Materials and Methods
Bacterial Strains and Culture Conditions
Bacterial strains used in this study are listed in Table 1. C. tepidum WT2321  and C. limnaeum RK-j-1  were used as the wild-type strains in the present study. Cultivation of C. tepidum and C. limnaeum in liquid CL media and on solid CP plates was routinely performed in essentially the same fashion as previously described . Growth temperature was set at 40°C for C. tepidum and at 30°C for C. limnaeum, and the intensity of illumination was adjusted to 30 µmol photons/m2/s with incandescent lamps unless otherwise specified. The E. coli DH5α strain  was routinely used for molecular cloning to construct plasmids. The E. coli S17-1 strain , which has the IncPα-group plasmid RP4-2 integrated in the chromosome, was used as a donor for conjugative plasmid transfer experiments. E. coli cells were grown in the liquid or on solid LB media at 37°C.
|Bacterial strain||Genotype or description||Source or reference|
|DH5α||F- Φ80lacZΔM15 Δ(lacZYA-argF)U169 deoR recA1 endA1 hsdR17(rK- mK+) phoA supE44 λ- thi-1 gyrA96 relA1|||
|S17-1||pro thi hsdR17(rK- mK+) recA RP4-2(Tcr::Mu-Kmr::Tn7)|||
|WT2321||Plating strain derivative of the wild-type strain TLS-1|||
|∆recA||∆recA::aacC1(Gmr); a mutant strain incapable of homologous recombination|||
|∆cycA||∆cycA::aadA(Smr/Spr); a mutant strain lacking periplasmic cytochrome c-554|||
|∆soxB||∆soxB::aacC1(Gmr); a mutant strain incapable of thiosulfate oxidation|||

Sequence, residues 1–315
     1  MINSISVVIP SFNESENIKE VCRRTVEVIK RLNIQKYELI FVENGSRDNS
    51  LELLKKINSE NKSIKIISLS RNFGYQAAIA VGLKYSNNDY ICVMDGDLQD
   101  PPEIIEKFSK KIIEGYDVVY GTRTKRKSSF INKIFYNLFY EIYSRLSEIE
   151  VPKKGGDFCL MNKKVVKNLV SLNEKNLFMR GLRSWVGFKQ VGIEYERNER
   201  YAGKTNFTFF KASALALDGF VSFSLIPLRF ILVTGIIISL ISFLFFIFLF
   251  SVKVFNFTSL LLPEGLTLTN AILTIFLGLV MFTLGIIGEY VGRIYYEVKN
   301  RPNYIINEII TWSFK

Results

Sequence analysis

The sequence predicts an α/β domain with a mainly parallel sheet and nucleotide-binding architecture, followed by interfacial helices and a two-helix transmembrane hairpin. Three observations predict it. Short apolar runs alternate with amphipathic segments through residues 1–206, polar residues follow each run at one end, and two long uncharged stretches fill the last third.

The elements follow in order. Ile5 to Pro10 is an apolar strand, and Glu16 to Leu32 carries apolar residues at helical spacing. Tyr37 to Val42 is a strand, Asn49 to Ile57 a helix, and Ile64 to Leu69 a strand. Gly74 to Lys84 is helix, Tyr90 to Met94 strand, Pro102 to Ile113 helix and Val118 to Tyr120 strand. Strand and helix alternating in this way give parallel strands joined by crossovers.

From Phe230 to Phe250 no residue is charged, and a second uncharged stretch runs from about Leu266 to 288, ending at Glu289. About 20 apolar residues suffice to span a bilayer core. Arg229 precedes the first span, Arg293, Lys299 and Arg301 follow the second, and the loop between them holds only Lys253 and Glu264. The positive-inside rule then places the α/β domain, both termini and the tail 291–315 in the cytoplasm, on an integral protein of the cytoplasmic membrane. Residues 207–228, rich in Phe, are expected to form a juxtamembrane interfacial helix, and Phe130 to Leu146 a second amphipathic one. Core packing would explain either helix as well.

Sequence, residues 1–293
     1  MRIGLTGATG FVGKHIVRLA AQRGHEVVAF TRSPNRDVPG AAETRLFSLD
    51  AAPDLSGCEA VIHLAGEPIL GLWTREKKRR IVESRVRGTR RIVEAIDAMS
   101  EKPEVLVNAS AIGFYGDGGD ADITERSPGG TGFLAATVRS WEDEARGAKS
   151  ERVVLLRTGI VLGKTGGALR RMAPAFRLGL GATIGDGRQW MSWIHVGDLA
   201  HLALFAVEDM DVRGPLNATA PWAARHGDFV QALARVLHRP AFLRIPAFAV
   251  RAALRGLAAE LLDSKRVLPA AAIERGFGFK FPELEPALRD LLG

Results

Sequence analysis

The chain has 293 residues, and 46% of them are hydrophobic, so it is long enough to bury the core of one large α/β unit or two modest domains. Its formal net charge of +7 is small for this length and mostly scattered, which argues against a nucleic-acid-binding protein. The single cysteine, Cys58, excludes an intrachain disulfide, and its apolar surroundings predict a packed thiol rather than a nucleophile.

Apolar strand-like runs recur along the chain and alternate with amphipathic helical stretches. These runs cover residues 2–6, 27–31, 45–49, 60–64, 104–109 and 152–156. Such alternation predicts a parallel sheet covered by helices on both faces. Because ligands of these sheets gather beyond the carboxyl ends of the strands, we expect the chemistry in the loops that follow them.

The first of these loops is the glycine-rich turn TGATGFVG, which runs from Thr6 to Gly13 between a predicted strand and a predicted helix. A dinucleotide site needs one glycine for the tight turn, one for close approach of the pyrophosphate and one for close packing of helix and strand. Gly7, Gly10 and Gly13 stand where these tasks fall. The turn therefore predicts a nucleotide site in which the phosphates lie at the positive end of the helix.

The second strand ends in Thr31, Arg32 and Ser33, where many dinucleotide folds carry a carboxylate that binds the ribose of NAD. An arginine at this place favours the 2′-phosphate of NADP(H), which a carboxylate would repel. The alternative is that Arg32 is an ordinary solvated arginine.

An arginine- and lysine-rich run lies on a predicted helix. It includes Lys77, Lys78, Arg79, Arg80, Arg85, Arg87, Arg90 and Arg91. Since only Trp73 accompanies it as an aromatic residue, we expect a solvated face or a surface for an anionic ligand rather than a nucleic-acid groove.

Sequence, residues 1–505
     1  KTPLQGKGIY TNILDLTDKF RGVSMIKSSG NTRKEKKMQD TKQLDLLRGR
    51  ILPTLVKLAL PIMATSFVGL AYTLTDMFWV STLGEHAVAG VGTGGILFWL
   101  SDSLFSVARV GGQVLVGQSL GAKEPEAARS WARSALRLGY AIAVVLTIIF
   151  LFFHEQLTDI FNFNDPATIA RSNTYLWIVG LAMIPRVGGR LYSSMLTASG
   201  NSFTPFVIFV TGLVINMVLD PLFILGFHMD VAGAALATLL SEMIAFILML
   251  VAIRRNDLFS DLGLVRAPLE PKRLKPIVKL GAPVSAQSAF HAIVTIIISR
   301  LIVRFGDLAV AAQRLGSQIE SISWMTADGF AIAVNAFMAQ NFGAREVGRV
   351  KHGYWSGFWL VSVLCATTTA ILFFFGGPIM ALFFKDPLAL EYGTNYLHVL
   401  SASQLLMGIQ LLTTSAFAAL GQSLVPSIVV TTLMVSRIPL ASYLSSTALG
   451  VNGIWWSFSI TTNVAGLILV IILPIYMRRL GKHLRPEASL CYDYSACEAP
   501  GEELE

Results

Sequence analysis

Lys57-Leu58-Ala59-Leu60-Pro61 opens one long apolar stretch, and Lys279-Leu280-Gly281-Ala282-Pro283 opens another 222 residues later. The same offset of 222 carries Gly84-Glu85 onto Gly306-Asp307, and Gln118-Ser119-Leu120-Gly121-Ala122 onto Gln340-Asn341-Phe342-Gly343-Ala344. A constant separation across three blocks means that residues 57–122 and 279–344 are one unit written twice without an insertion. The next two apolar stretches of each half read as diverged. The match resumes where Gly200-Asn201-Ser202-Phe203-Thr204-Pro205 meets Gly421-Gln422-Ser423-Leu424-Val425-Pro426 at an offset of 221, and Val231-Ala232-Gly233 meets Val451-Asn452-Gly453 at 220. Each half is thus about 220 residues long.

|6HA||∆pscA::(aadA-6xhis-pscA); a mutant strain expressing 6xHis-tagged PscA||This study|
|6HA-∆recA||∆recA::aacC1(Gmr) ∆pscA::(aadA-6xhis-pscA); a double mutant strain of ∆recA and 6HA||This study|
|RK-j-1||Plating strain derivative of the wild-type strain 1549|||
The following antibiotics with specified concentrations were added to the media if required: 30 µg/mL of gentamicin, 1 µg/mL of erythromycin, or a mixture of 100 µg/mL of streptomycin and 50 µg/mL of spectinomycin for C. tepidum; a mixture of 100 µg/mL of streptomycin and 150 µg/mL of spectinomycin for C. limnaeum; 100 µg/mL of ampicillin, 25 µg/mL of kanamycin, 30 µg/mL of streptomycin, 100 µg/mL of spectinomycin, or 200 µg/mL of erythromycin for E. coli.
Construction of the Conjugative Plasmid
Major plasmids used in this study are listed in Table 2. All PCR primers used in the present study are listed in Table S1 along with their complete sequences. The conjugation plasmid was constructed based on the RSF1010-derivative conjugation plasmid pDSK519 , which was a generous gift from Dr. N.T. Keen (University of California, Riverside). The construction schemes were summarized in Figure S1. The blunted BamHI digest of pDSK519 was ligated with the ermC gene- and Ω-teminator-containing PvuII fragment of pUCEm, which was a generous gift from Dr. M. Ishiura (Nagoya University, Japan), in such a way as to arrange the ermC gene and the lac promoter on pDSK519 in the same direction, yielding pDSK5191 (Figure 1A). In the same manner, the aadA gene-containing SmaI fragment of pHP45Ω  was inserted into the blunted BamHI site of pDSK519, yielding pDSK5192.
|Plasmid||Relevant characteristics||phenotype||Source or reference|
|pDSK519||A derivative conjugative plasmid of RSF1010 (IncQ)||Kmr|||
|pDSK5191||A derivative of pDSK519, containing an Emr cassette of pUCEm||Kmr Emr||This study|
|pDSK5191A||A derivative of pDK5191, containing the cat and ccdB genes flanked by the attR1 and attR2 sequences||Kmr Emr Cmr ccdB+||This study|
|pDSK5191-cycA||A derivative of pDK5191, expressing the cycA gene with the PpscA promoter||Kmr Emr||This study|
|pDSK5191-soxB||A derivative of pDK5191, expressing the soxB gene with the PpscA promoter||Kmr Emr||This study|